Close inspection on some plants may reveal that the bark is split, cracked, or peeling from the trunk. Because this disrupts the plant’s ability to move water from the roots to the leaves, plants with this type of damage are not expected to recover quickly, if at all. Spring may reveal that some woody species, such as crape myrtle (Lagerstroemia indica, Zones 6–9), have been killed to the ground or that warm-season grasses, tender perennials, and even “borderline” woody plants have been killed outright. The rapid change in temperature, the magnitude of the drop, and the duration of lethal temperature exposure may end up being a triple whammy. Only time will tell the full extent of this winter weather event.

Can I revive plants damaged by extreme winter weather?

Spring seems far away, and you are probably wondering what can be done now. First, be patient! The best action right now may actually be to do nothing. Many herbaceous (nonwoody) plants—tender perennials as well as plants that are often evergreen, such as hardy ferns—may have been killed to the ground. Leaving that now-dead aboveground tissue may provide a bit of insulation in the coming weeks for plants that survived. So don’t do extensive cleanup or mowing.

You don’t want to get carried away with pruning woody plants either. Wait until your plants leaf out (or don’t) in spring. This will give you the best indication of what to prune. Be patient; plants like bigleaf hydrangea (Hydrangea macrophylla and cvs., Zones 5–9) may not resume growth until as late as Mother’s Day, and the flower buds (except those that develop on new growth) were likely damaged by the cold temperatures. Plus, pruning now could expose still-living tissue to further cold damage in the coming weeks.

close up of scratch test on woody plant

Tip: How to tell if a plant is still alive after an unexpected freeze

If you are concerned about whether a plant is still alive, you can always perform a “scratch test.” This can be done by gently removing (scratching off) a small section of the bark on small stems or twigs to expose the cambium. Green tissue indicates a living stem. If the tissue is brown, then it is dead. Keep in mind that different plant tissues (leaves, buds, stems) on the same plant can vary in cold hardiness. So the impacts may differ due to plant tissue type, age, and health as well as to drainage, snow cover, air flow, and microclimates.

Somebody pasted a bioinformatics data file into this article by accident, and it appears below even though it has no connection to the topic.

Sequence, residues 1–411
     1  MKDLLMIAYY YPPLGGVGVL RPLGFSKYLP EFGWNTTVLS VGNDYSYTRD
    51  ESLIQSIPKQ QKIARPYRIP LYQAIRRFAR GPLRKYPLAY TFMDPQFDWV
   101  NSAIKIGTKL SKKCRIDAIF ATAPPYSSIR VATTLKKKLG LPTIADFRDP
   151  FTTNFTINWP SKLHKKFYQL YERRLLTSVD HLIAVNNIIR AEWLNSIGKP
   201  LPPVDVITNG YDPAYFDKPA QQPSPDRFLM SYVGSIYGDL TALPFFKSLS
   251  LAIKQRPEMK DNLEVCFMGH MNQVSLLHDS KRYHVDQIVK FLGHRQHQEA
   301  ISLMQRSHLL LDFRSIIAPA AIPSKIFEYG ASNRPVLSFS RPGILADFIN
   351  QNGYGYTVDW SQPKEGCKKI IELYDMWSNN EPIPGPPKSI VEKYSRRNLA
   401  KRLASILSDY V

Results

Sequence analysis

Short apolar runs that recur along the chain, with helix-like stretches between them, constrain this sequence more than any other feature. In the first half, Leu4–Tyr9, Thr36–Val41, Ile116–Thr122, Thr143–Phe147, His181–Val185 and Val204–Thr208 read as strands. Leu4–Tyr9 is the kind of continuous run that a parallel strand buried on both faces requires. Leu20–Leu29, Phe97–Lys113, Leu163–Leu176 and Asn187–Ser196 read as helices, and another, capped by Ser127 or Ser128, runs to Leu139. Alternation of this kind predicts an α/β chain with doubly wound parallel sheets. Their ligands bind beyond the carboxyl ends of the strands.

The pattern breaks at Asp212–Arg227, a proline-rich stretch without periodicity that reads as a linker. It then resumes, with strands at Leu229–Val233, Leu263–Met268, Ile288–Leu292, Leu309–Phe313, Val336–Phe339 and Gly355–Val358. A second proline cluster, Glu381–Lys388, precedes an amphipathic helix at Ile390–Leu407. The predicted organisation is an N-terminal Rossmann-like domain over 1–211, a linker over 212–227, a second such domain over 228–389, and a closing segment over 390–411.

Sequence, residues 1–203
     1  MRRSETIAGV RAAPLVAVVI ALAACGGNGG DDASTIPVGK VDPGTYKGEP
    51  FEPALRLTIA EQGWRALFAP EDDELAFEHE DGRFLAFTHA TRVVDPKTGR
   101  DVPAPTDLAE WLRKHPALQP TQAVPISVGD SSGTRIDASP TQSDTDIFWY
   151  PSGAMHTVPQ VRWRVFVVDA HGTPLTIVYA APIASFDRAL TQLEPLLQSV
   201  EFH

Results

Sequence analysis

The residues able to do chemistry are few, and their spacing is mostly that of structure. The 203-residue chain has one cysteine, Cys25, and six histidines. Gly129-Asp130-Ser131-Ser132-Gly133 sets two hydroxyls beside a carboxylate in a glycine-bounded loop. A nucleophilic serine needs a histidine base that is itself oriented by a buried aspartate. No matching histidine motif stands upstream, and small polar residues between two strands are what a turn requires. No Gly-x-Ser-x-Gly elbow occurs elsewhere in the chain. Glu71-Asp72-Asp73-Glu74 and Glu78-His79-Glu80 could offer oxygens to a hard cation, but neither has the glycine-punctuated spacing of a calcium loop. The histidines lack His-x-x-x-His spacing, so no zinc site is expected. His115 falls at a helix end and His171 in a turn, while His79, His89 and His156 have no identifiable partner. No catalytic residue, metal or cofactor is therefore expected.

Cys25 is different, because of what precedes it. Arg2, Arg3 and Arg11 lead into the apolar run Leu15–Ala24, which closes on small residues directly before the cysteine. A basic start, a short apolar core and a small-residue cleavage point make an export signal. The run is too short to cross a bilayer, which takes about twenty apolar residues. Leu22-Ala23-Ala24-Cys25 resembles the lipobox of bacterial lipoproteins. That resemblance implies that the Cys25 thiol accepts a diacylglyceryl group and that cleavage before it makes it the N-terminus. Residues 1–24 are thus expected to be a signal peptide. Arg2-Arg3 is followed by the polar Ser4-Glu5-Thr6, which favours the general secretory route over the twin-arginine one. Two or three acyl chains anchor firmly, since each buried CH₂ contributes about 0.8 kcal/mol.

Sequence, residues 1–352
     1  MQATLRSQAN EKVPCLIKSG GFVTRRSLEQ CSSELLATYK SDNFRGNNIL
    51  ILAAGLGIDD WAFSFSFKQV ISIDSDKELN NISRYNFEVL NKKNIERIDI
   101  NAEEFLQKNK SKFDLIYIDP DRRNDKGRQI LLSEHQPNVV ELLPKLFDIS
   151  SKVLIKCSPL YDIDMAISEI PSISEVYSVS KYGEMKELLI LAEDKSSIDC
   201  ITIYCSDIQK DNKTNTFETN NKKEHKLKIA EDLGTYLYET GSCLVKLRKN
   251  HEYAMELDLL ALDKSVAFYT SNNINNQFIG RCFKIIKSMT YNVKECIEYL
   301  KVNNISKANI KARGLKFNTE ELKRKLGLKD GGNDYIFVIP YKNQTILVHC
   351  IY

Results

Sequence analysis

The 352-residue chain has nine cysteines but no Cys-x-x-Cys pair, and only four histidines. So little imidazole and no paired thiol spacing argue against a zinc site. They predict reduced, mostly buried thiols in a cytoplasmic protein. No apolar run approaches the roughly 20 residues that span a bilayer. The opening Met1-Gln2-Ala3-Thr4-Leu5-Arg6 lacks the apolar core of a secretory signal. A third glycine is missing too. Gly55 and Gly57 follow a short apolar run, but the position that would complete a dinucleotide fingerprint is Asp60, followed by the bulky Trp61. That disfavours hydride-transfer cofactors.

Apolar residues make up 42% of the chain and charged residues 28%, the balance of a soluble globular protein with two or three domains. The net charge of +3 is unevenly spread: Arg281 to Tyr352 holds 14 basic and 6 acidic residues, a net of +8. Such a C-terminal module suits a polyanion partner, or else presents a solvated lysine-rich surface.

Plants in containers on decks and patios will have more damage than those same plants in the ground. This is because the roots are less insulated from the cold. And a practice that won’t be helpful after this severe stress is fertilization. Whether dead or dormant, plants are not taking up many nutrients right now, so do not fertilize them.

In the short term, make sure to manage any drainage issues to prevent waterlogging on lawns and landscapes that are already stressed. Likewise, monitor moisture levels to ensure that landscape plants, especially evergreens, don’t dry out. For long-lived plants, the effects of such stress events may be variable and take a while to become evident. It is important to understand this and to further reduce other stressors in the coming months as much as possible (manage pests, irrigate if needed, prune carefully). As the effects become clear, we’ll either be relieved to see the return of old plant favorites or we’ll get to select some exciting new plants for our lawns and landscapes.

For more on preventing and repairing winter damage to plants, go here.


—This article was submitted as a courtesy of the University of Tennessee.

Photos: courtesy of the University of Tennessee